Wednesday, May 7, 2014

Deep Life Indy # 3

Uncle! I surrender!

I've made multiple attempts to write about the Indianapolis art scene of the past 30 years. This as prequel to the upcoming panel discussions which will accompany the 431 Gallery and Ed Sanders shows. I even wrote about giving up on trying to write about it. That turned into a long bit too, and is pointless to post. Bottom line, that's it. No more critiquing local art stuff. 

Subversion is still on the table.

Friday, May 2, 2014

Deep Life Indy #2


Prior to In Vivo Gallery, William Adkins formed a group called the Indianapolis Artists' Forum. As with the other groups, Bill was the little engine that could, while the rest of us went along for the ride. “We” were a group of artists currently in Indianapolis. I believe it included Steve Paddack, Brian Fick, Ed Sanders, Becky Wilson. I had just moved back from Texas, so it must have been around 1990.

In our first meetings, we grilled Bill about the name, specifically, about the “forum” requirements. Just what do we have to do? What sort of forum? Bill kept explaining that it was informal, no expectations, just that we get together and talk about art...We still didn't get it.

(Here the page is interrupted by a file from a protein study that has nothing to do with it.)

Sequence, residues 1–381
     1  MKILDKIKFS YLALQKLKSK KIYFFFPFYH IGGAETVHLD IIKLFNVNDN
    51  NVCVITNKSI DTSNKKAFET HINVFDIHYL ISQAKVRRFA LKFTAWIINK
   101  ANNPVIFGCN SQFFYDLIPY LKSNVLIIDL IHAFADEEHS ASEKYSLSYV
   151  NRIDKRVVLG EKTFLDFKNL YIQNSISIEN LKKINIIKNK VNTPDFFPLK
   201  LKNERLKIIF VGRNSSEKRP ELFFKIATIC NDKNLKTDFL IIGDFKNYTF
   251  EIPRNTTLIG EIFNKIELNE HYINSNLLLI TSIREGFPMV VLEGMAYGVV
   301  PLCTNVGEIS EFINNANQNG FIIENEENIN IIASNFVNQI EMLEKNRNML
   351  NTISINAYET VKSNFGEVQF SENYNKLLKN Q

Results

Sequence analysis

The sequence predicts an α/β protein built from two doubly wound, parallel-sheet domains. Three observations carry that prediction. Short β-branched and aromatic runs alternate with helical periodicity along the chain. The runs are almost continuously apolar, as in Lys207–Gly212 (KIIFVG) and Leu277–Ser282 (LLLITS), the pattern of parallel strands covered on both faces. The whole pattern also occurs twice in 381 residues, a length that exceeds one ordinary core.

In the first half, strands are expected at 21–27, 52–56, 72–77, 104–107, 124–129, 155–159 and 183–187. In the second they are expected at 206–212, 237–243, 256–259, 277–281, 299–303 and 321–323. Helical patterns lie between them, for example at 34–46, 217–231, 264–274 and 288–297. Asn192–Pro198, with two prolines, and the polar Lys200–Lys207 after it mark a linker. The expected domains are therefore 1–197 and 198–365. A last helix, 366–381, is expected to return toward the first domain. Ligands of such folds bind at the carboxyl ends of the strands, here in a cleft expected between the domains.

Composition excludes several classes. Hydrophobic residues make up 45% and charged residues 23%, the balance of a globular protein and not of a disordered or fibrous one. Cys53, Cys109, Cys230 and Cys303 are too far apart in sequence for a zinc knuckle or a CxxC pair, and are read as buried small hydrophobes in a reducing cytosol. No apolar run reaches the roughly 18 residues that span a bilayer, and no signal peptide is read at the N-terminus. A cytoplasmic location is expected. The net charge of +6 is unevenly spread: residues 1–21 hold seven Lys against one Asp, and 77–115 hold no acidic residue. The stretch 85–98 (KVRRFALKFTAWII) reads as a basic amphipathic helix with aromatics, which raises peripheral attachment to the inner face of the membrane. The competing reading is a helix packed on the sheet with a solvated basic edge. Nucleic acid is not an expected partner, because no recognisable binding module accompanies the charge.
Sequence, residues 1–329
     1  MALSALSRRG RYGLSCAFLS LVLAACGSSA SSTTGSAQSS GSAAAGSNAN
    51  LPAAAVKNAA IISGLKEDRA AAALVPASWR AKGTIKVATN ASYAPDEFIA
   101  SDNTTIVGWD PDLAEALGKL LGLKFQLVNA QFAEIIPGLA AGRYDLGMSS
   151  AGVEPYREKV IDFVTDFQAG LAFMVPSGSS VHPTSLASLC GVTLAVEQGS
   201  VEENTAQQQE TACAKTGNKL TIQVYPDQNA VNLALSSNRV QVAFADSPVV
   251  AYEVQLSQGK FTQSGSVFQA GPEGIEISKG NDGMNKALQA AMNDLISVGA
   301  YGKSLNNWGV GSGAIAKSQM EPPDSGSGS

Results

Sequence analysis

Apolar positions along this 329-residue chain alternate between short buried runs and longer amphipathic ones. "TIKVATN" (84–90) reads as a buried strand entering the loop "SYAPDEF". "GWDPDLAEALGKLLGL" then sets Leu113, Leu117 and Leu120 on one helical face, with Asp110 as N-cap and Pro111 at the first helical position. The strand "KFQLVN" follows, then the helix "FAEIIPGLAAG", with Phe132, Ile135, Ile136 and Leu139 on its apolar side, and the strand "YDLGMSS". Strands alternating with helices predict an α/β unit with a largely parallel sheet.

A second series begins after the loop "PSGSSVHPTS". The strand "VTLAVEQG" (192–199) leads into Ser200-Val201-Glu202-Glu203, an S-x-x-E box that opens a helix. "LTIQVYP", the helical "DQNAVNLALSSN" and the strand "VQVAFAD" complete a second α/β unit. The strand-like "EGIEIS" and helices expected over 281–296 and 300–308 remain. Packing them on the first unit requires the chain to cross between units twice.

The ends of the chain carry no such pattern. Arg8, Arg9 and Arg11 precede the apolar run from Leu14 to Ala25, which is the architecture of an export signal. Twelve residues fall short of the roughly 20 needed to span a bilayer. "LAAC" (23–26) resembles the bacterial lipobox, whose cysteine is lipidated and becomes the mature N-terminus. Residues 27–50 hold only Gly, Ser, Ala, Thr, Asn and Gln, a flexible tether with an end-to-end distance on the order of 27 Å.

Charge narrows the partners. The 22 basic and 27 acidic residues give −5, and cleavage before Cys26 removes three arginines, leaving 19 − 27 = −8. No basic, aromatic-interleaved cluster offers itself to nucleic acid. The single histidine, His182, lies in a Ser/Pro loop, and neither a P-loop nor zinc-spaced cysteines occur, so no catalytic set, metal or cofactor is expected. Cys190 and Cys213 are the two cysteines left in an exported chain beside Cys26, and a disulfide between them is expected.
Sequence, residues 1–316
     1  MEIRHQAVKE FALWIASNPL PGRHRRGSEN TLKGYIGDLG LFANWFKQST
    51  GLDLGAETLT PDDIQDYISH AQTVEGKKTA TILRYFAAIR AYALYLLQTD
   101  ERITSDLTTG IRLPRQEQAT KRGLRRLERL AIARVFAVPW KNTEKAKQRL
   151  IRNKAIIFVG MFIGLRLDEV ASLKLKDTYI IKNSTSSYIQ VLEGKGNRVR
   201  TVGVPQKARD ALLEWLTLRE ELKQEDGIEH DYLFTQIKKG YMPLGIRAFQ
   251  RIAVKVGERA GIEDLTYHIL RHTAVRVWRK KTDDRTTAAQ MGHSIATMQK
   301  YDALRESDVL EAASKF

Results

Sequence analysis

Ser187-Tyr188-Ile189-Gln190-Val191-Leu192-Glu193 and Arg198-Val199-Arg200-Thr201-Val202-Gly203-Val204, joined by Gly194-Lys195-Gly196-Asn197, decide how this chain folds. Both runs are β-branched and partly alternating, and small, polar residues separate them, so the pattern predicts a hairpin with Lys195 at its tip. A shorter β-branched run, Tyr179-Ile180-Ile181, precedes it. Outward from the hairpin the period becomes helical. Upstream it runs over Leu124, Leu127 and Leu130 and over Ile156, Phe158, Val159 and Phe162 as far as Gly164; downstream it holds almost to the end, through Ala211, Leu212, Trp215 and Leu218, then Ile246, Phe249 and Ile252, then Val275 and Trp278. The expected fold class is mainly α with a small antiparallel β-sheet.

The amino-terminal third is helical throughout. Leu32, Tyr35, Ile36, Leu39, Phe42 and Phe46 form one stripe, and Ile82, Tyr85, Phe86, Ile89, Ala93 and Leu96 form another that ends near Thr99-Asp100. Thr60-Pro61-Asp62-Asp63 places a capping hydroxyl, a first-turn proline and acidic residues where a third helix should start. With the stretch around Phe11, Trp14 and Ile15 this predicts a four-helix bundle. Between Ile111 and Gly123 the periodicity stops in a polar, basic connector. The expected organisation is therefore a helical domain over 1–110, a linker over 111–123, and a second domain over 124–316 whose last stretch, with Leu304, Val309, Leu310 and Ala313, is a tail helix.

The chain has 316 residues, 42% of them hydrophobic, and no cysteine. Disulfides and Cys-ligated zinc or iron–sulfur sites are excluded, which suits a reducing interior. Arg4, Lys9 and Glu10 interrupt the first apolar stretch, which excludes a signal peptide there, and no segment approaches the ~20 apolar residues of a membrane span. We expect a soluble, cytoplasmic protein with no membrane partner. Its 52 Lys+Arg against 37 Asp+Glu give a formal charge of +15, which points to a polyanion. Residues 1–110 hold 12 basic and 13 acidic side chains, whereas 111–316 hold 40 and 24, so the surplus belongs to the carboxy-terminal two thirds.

Finally, an exasperated Bill threw his hands up and said, “You don't have to talk about art, it's just to present ourselves as a group who talks about art!”

We found this hysterical. Every meeting afterward began with some shtick where we pretended to talk about art.

Such branding is so pervasive now. I'm not sure others will understand how comical it was at the time. 

Thursday, March 13, 2014

Deep Life Indy #1

431 Gallery, Indianapolis, 1984

In June, the Indiana State Museum will honor the 431 Gallery with an exhibition including members' art. 431 was a cooperative gallery which Bill Adkins formed, led, and fueled for many years. It formed in 1984 and continued through the early 1990s. I was a founding member and participated in the first auction and show, but then moved to Austin, TX. I returned in 1989 to find a vibrant, concentrated art scene along Massachusetts Avenue. Denouement (Francy and Stephen Stoller), Patrick King, Ruschman Gallery, and 431 Gallery co-existed within the block. In Vivo opened over 431, before moving around the corner. For a couple years, art opening crowds would overflow and block the sidewalks. 

During the ISM exhibit, I will be showing some paintings at Indy Reads. Until now, I was oblivious to the obvious - that the Indy Reads venue is on Massachusetts Avenue, just a few blocks from the old arts area. The entire MassAve is now designated the arts district, but is mostly retail, dining, and pubs. It's easy to forget the past. 

The ISM show will coincide with the much anticipated Ed Sanders retrospective, which will be at Herron School of Art and Design, just a few hundred yards from the ISM. I can't wait to see this show!